A small group of companies formed OCP a couple years ago. They wanted to rethink how they designed the servers and other hardware used in their data centers.
They started designing that equipment from scratch and making those specifications open. As a result, they were able to run a data center more efficiently and at a lower cost. We have the same goals.
We’re moving to a software-centric network—our central offices will look more like datacenters. In fact, AT&T is heavily involved in an initiative known as “CORD” (Central Office Re-architected as a Datacenter). We’re turning custom hardware devices into apps running on standardized servers. The physical locations where we run our network services increasingly look like what you’d find at a web company.
Just like those web companies, we need to be able to scale quickly as network demand grows. We also want to rapidly deploy new capabilities our developers are building, such as Network on Demand. The only way to meet those goals is with flexible software running on standard hardware. Releasing those hardware specs through OCP makes it easier for startups and other innovators to get involved in this space.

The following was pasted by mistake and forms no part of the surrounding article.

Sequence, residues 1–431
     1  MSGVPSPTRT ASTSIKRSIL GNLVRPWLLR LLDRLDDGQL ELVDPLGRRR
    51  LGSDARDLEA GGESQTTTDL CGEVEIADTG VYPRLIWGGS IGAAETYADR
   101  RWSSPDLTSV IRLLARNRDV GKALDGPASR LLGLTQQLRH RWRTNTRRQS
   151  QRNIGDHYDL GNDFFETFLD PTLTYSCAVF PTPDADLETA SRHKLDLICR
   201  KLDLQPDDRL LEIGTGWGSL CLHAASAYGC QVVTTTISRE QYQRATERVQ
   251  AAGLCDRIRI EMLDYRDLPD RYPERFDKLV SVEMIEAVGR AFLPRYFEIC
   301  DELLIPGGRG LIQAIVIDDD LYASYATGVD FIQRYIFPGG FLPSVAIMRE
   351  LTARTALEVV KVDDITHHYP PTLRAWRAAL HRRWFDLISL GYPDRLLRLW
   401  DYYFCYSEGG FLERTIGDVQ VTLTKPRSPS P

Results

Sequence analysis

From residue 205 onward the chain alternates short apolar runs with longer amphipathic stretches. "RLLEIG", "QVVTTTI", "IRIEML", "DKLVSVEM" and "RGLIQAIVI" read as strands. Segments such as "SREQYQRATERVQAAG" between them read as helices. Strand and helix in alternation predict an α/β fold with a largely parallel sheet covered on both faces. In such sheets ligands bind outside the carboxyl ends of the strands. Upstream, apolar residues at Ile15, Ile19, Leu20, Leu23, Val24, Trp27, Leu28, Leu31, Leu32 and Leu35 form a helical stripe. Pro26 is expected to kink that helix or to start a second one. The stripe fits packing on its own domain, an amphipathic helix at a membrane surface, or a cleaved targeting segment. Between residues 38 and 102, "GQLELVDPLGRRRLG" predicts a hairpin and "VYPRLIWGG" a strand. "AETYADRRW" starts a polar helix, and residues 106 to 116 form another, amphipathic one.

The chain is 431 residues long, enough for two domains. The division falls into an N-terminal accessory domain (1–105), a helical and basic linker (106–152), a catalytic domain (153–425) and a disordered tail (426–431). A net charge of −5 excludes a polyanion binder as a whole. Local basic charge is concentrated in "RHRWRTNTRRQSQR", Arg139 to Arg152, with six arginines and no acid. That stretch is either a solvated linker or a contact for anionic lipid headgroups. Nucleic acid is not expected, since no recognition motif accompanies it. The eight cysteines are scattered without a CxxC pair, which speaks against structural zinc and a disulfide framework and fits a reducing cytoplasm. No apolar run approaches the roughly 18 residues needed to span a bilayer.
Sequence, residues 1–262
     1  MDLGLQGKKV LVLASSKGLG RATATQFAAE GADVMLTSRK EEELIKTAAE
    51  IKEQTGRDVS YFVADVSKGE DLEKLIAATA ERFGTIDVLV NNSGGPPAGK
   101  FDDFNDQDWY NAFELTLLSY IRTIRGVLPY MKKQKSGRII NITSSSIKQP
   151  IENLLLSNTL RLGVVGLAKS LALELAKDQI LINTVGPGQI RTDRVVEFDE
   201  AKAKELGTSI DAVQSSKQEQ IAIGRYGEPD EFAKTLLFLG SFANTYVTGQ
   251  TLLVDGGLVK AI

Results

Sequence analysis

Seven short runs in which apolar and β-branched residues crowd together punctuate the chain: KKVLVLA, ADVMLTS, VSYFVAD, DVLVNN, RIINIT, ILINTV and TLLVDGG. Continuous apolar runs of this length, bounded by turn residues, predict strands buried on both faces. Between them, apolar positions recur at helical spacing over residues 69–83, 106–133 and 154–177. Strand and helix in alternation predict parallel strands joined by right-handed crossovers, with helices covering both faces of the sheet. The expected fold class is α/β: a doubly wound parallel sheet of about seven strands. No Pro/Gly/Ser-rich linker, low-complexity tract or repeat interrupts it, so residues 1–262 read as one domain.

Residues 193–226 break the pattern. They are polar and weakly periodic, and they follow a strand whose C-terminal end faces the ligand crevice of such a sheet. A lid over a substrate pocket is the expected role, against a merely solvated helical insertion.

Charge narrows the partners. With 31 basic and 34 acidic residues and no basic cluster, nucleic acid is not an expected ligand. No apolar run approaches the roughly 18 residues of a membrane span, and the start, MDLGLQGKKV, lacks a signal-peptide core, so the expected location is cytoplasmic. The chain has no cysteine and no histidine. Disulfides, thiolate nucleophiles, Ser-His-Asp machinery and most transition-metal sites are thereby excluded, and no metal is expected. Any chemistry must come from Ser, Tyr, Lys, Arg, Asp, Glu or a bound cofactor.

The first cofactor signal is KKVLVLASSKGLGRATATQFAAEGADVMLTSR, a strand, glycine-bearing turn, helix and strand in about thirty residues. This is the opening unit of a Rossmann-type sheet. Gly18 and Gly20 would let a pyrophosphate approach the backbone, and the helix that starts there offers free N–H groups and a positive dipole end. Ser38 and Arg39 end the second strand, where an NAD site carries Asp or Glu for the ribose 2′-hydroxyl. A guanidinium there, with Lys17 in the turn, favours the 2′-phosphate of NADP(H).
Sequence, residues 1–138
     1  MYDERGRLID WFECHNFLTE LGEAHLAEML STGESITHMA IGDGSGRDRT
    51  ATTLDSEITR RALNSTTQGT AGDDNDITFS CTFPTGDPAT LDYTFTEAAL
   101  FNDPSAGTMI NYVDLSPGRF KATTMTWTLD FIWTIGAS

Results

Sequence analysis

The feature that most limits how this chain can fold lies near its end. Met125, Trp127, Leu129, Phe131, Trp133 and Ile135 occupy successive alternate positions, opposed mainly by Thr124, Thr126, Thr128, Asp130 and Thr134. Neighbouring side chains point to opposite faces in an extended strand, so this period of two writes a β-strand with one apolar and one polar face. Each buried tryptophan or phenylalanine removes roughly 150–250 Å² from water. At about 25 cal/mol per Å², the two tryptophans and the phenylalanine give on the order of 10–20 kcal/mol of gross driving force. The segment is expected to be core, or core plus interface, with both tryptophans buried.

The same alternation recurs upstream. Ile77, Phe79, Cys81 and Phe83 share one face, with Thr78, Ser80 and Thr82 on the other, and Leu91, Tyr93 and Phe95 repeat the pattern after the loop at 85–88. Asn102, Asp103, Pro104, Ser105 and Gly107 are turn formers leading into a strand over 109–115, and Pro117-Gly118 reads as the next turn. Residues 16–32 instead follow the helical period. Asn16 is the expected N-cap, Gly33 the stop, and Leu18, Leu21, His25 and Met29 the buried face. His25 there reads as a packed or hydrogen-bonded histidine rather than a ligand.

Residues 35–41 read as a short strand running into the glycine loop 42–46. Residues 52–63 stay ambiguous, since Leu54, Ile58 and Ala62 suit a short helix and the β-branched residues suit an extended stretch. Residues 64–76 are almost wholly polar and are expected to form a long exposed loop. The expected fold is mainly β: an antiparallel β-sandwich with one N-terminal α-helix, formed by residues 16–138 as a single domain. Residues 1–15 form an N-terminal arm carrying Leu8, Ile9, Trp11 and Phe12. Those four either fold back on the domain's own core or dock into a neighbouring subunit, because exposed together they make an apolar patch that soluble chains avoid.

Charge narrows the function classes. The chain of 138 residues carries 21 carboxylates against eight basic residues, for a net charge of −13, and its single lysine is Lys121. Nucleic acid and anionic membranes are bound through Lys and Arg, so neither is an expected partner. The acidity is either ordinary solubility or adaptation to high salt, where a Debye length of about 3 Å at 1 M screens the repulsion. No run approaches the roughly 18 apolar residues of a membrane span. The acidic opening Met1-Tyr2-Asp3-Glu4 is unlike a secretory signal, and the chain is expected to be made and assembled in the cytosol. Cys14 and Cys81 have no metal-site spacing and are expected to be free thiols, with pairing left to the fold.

Our software-centric network is starting to deliver real benefits for our customers. You’ll hear more about those benefits very soon. We’re teaming with groups like OCP to make those achievements possible.